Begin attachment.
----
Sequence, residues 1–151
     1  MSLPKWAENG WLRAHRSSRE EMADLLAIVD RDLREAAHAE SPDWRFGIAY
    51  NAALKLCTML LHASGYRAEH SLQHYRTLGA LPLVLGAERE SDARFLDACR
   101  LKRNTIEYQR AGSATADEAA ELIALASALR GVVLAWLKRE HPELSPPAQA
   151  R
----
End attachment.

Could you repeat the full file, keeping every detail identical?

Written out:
Sequence, residues 1–151
     1  MSLPKWAENG WLRAHRSSRE EMADLLAIVD RDLREAAHAE SPDWRFGIAY
    51  NAALKLCTML LHASGYRAEH SLQHYRTLGA LPLVLGAERE SDARFLDACR
   101  LKRNTIEYQR AGSATADEAA ELIALASALR GVVLAWLKRE HPELSPPAQA
   151  R